This year, Great Floors has experienced a clear uptick in remodeling projects. More full remodels are being done, and more clients are upgrading to higher quality products. Residential remodel accounts for the bulk of the firm’s revenues, followed by builder business. Multi-family makes up another 10%, and Great Floors also has a growing commercial business. 

Carpet accounts for 40% of revenues, and Great Floors sells more PET than nylon, though this year there has been increased demand for value-added nylon products. On the hard surface side, laminate, hardwood and luxury vinyl are the strongest categories. The firm has had a lot of success with mid- to high-end laminates. LVT is particularly strong in retail and property management, taking share from everything from sheet vinyl to carpet. Great Floors is also dipping its toe into the cabinet business, with an eye to full bath and kitchen remodels.

On the other side of the country is Touch of Color, which has eight locations in Pennsylvania, including three Big Bob’s Flooring Outlets, three Touch of Color Flooring operations and two TOC Design Groups—high-end design centers direct to the trade. Two of these operations are new this year, a Big Bob’s and a TOC Design Group, both in Mechanicsburg. The other Big Bob’s Flooring Outlets, which are franchise operations, are in Harrisburg and Lancaster, and the other TOC Design Group is in Harrisburg. The three Touch of Color Flooring locations are in Pittsburgh, Philadelphia and Harrisburg.

The bulk of Touch of Color’s revenues come from the residential market—10% residential remodel, 35% builder and 35% multi-family tenant turnover work. The other 20% is commercial work, including hospitality and multi-family new construction.

The firm got its start 12 years ago doing multi-family turn work, which was mostly carpet back then. Soon after, it entered the builder market, and then it began submitting bids for commercial work. About three years ago, it entered into the residential remodel market in Harrisburg with its first Big Bob’s franchise. The firm is a member of CCA Global’s FloorExpo residential contractor group.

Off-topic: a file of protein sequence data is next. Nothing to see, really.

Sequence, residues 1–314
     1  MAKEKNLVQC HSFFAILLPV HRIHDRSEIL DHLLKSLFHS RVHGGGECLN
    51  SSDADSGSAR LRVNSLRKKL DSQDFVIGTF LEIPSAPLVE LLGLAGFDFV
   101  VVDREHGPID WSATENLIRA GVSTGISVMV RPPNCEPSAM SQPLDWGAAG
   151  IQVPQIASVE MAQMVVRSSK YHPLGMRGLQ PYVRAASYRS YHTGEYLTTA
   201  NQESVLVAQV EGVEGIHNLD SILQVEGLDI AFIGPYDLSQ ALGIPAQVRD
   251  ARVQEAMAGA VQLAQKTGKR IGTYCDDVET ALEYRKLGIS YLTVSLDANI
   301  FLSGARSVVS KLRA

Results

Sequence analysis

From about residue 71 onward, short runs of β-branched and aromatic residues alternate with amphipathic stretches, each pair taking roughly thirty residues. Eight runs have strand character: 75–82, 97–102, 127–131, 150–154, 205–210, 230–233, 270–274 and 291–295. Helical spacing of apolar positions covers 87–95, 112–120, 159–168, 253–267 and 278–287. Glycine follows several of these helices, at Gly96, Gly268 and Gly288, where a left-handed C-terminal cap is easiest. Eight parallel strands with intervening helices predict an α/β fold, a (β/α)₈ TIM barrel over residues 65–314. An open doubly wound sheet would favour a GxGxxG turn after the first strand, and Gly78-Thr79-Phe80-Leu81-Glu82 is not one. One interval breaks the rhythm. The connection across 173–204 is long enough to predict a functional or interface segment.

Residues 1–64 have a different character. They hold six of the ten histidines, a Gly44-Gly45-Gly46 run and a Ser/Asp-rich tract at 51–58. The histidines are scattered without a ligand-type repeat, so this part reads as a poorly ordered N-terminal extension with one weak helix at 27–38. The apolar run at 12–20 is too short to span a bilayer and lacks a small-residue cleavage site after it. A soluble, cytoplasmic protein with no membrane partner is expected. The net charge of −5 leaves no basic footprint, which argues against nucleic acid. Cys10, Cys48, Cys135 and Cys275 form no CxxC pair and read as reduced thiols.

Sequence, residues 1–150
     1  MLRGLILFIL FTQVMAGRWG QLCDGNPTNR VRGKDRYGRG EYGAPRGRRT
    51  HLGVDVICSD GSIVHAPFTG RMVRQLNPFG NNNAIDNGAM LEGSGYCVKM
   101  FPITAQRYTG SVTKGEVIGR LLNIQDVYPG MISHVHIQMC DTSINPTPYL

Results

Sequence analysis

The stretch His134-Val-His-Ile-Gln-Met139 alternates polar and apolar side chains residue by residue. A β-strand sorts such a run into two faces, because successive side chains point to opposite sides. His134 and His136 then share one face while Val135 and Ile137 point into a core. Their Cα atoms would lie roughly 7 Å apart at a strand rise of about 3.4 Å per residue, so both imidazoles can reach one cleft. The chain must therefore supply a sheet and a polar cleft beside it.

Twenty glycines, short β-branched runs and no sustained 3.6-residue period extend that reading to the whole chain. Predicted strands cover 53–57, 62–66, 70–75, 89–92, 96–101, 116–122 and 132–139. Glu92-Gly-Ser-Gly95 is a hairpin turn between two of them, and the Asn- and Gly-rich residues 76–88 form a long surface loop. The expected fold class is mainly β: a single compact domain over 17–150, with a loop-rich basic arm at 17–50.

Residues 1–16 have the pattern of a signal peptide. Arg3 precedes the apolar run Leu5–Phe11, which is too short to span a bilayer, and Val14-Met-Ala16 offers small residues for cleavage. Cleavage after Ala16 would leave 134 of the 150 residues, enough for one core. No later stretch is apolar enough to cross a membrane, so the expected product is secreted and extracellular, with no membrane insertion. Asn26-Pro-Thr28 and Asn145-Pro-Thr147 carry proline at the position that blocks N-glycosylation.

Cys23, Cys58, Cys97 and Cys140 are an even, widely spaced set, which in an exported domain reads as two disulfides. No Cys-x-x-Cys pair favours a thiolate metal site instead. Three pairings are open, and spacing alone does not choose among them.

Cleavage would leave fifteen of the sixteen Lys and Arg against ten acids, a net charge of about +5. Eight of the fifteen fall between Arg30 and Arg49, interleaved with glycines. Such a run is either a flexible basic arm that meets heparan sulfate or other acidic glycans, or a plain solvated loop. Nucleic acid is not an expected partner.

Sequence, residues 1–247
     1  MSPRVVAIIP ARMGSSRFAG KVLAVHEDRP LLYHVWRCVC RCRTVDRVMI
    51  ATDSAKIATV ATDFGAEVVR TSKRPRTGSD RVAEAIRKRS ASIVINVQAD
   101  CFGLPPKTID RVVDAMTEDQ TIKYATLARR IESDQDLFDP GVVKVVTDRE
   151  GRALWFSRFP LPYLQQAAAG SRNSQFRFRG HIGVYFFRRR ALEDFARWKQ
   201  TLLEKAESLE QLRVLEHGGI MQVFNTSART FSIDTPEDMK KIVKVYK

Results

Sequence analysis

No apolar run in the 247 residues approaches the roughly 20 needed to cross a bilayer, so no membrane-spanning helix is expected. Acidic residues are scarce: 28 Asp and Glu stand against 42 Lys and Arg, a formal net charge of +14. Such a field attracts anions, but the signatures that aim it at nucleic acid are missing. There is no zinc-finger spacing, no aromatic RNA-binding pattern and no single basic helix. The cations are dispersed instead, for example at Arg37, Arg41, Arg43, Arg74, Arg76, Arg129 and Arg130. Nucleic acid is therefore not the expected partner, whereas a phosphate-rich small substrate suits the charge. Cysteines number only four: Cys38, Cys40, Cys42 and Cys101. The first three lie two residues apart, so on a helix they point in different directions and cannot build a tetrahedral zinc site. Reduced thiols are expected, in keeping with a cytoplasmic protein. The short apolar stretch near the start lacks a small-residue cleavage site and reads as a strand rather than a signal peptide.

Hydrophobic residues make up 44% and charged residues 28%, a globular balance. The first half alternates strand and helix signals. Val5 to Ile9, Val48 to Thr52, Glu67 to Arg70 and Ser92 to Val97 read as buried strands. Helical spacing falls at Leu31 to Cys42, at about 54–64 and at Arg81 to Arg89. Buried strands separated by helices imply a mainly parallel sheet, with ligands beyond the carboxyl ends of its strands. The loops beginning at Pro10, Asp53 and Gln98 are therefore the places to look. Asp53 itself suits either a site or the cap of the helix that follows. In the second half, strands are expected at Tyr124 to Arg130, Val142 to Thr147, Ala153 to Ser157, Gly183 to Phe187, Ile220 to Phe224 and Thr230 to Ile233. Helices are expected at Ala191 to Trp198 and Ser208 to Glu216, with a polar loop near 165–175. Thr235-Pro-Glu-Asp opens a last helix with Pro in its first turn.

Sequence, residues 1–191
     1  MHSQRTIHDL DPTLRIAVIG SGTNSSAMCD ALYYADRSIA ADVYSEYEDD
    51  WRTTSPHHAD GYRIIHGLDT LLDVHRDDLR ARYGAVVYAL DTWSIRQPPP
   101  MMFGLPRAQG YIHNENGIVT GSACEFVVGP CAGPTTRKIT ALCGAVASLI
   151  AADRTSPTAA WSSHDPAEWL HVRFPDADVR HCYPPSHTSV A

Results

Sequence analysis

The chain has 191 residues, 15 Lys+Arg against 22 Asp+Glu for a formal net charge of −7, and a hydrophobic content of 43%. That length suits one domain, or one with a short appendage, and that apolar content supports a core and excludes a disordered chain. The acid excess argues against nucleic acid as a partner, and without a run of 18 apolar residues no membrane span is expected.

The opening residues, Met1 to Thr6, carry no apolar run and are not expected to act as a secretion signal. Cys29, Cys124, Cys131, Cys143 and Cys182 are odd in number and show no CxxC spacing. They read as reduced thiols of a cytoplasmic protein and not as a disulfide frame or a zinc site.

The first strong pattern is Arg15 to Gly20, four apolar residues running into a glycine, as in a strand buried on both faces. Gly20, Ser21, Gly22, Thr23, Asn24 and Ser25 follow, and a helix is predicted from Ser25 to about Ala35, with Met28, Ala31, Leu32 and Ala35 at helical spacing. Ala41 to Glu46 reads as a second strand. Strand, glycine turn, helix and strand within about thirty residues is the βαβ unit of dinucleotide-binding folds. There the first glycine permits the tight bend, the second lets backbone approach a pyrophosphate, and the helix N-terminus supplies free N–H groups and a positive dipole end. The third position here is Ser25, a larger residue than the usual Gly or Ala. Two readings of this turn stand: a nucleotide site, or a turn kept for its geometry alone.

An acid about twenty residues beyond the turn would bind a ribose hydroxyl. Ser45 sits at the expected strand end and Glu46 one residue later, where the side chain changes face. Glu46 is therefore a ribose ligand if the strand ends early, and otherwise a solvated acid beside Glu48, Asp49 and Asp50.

Touch of Color has made huge gains in the last year, due to both organic growth and business from the new locations, and it’s on course to be up an estimated 33% to $37 million, putting it at #61 on the Top 100 list. The firm has grown every year since its founding in 2003, even through the recession. Co-founder and CEO Scott Appel was the grand prize winner in Floor Focus’ 2012 Future Focus awards for young industry professionals.

One of the most prominent flooring retailers, #18 on this year’s list, is Nebraska Furniture Mart, which has locations in Des Moines, Iowa; Omaha, Nebraska; Kansas City, Kansas; and Dallas, Texas—each more massive than the last. The Texas store, located in The Colony on the northern outskirts of Dallas, opened in May of this year. It covers nearly two million square feet, with a 560,000 square foot showroom that includes a 40,000 square foot flooring department.

Same store sales are up about 5%, but revenues from the new operation have provided a big boost, and the firm is expected to grow an estimated 32% this year, bringing total sales to $136 million.

The firm’s Kansas City, Dallas and Omaha stores all sell electronics, furniture and appliances, along with flooring. The Boise store, the smallest of the group, sells just flooring and appliances.

Hard surface continues to take share from carpet, though carpet still makes up nearly half of the firm’s flooring business. And this year the carpet business has been up, but not without a struggle. Fiber brands like Stainmaster and Shaw’s Anso have been performing well. Rugs have been posting double-digit growth for over a year, in part because of gains in hard surface, led by luxury vinyl. Tile and stone are also growth categories, while laminates continue to lose ground.

Business has been strong at the high and low price points, but the middle continues to suffer. About 85% of Nebraska Furniture Mart’s flooring revenues come from residential remodeling, with the balance from builder and multi-family. 

The firm, which is a member of the National Floorcovering Alliance (NFA), is owned by Berkshire Hathaway, which also owns Shaw Industries.